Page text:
ANC did not bully Nedbank’ — CEO

Mike Brown told the commission that he did not leave a 2016 meeting at Luthuli House feeling pressured to reverse the bank's decision on the accounts of the Gupta-owned companies. (eNCA)

Mike Brown told the commission that he did not leave a 2016 meeting at Luthuli House feeling pressured to reverse the bank's decision on the accounts of the Gupta-owned companies. (eNCA)

Nedbank officials did not feel pressured to reconsider its closure of Gupta-related bank accounts after a meeting at the ANC headquarters, the commission of inquiry into state capture heard on Wednesday.

This is according to Nedbank chief executive Mike Brown, who told the commission that — like the officials from the other banks have testified to before him — the bank was invited to meet with members of the ANC and government in the wake of its decision to close the accounts of Gupta-owned companies.

Though the ANC did not attempt to browbeat the bank into reversing its decision, “veiled threats” were made to the bank at a subsequent meeting with an inter-ministerial committee set up by then-president Jacob Zuma, Brown said.

In 2016, Absa, FNB, Nedbank and Standard Bank unexpectedly cut ties with Gupta-owned businesses and shut down their bank accounts. The closures came amid allegations that the Gupta family had an improper influence over Zuma.

At the time the Guptas owned Oakbay Investments, the holding company for a range of interests including listed Oakbay Resources and Energy, as well as The New Age newspaper and broadcaster ANN7. Zuma called the banks’ actions suspicious, saying their action could point to collusion.

Brown told the commission that he did not leave a 2016 meeting at Luthuli House feeling pressured to reverse the bank’s decision on the accounts of the Gupta-owned companies.
The meeting was attended by then ANC secretary-general Gwede Mantashe and his deputy Jessie Duarte. Brown said that he was invited to the meeting by Enoch Godongwana, the head of the ANC’s economic transformation committee.

In fact, he was thanked for explaining the bank’s decision to close the accounts, Brown said.

Mantashe, in particular, has come under fire for allegedly calling the meeting to bully banks into reconsidering their decisions.

On Monday Standard Bank’s general counsel Ian Sinton told the commission that at a similar meeting, the bank’s officials were pressed to answer to allegations that they were part of a campaign by white monopoly capital to drive black-owned businesses out of the country.

The banks chief executive Sim Tshabalala was at the meeting and became agitated when this allegation was raised, Sinton said.

After Sinton’s testimony, Mantashe reportedly hit back at the perception that he and his colleagues had attempted to browbeat the banks into reversing the account closures.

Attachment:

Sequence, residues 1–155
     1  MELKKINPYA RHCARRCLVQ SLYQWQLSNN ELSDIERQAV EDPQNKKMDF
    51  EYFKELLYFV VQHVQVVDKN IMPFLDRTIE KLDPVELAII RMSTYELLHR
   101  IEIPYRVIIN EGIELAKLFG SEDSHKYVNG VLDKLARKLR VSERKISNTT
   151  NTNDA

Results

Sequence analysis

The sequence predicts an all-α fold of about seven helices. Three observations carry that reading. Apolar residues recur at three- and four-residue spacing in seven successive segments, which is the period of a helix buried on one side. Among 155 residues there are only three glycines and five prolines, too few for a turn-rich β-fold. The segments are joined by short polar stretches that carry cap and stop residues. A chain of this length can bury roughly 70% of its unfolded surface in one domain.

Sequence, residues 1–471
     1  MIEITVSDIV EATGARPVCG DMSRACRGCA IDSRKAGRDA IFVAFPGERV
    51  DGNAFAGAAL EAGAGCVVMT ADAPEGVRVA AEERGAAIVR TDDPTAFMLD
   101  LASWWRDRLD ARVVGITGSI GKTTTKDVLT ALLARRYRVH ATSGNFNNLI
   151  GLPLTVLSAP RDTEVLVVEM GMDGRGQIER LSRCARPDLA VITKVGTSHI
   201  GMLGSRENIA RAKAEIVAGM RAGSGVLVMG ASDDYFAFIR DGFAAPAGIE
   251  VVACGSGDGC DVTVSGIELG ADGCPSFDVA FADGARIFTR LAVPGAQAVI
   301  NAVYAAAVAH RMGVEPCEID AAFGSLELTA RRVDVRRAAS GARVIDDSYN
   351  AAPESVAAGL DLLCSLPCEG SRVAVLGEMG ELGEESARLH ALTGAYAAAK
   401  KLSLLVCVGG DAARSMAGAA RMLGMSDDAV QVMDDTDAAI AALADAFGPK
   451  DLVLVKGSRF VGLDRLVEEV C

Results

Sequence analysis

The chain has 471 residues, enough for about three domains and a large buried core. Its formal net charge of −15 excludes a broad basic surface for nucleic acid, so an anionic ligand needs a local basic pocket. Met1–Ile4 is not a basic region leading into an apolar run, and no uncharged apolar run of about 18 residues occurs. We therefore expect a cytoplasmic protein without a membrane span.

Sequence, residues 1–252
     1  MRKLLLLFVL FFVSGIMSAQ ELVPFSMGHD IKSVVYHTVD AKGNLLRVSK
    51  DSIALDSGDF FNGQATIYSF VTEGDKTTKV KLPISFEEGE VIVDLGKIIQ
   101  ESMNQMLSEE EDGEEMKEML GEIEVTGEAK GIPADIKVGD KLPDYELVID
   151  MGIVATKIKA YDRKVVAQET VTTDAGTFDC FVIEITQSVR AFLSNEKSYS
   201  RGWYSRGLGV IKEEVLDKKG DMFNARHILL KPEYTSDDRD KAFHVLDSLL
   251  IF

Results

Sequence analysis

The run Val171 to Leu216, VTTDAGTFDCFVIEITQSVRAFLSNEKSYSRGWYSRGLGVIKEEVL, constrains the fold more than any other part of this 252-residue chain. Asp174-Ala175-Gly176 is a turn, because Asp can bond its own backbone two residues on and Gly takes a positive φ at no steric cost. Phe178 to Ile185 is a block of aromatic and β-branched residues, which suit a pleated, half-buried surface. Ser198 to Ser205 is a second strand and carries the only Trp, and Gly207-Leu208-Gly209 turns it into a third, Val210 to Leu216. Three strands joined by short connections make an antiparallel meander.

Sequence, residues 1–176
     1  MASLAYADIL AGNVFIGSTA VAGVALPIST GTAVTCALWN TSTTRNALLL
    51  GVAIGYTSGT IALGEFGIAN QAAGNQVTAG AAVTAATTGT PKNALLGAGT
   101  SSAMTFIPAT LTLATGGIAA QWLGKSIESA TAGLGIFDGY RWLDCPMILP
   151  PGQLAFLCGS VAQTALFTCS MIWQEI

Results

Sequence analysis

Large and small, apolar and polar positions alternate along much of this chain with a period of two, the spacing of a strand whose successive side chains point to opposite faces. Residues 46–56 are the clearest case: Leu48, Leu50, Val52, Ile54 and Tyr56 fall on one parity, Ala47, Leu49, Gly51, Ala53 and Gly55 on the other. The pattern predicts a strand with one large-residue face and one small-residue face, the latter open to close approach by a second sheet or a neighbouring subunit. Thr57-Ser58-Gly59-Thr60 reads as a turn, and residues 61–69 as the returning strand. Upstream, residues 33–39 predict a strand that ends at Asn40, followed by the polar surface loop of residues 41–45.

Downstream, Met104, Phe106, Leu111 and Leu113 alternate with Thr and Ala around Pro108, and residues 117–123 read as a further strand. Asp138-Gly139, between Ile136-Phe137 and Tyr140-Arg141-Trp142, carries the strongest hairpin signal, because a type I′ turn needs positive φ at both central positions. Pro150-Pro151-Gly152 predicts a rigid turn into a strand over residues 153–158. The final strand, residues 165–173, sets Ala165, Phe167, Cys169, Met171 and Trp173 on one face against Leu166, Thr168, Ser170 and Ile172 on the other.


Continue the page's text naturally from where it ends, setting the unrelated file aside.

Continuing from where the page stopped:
According to News24, Mantashe said on the sidelines of trade union federation Cosatu’s 13th elective conference: “I met the banks, that was public. So what is new? We met the banks and the meeting with the banks was an open meeting. We don’t understand the hullabaloo that we talked to the banks. We did talk to the banks.”

“The purpose of the meeting was for the ANC to have information.”

Mantashe also told the Daily Maverick that the ANC’s intentions had been misread by the banks. “White monopoly capital was not our angle,” said Mantashe.

Though Brown said that the Luthuli House meeting was amicable, he said another meeting with members of Zuma’s Cabinet was less so.

Upon receiving the invitation to attend the meeting with the inter-ministerial committee – made up by Labour Minister Mildred Oliphant, then mineral resources minister Mosebenzi Zwane, then finance minister Pravin Gordhan and the communications minister Faith Muthambi – Brown requested a list of those that would be in attendance, he said.

He was told that because it was an ad hoc meeting, no such list could be provided, Brown said.

According to Brown, Zwane opened the meeting – which was allegedly only attended by Zwane and advisors to Oliphant – by expressing his dissatisfaction with the fact that some of the banks had declined to meet with the committee. Zwane suggested that the banks could lose their licenses.

Brown said he felt this was a ”veiled threat”.

Nedbank was asked if it would be willing to step in and save the jobs of Oakbay workers by becoming the primary bank of the Gupta-owned companies, Brown said. He said he left the meeting with the impression that the committee would be pleased if Nedbank agreed to be the Gupta’s primary bank.

The ongoing references to the licensing regime and the suggestion that the bank step in to save the Gupta-owned companies made the meeting seem like it was designed to put pressure on Nedbank, Brown said.

Sarah Smit

Sarah Smit

Sarah Smit both subs and writes for the Mail & Guardian. She joined the M&G after completing her master’s degree in English Literature from the University of Cape Town. She is interested in the literature of the contemporary black diaspora and its intersection with queer aesthetics of solidarity. Her recent work considers the connections between South African literary history and literature from the rest of the Continent. Read more from Sarah Smit

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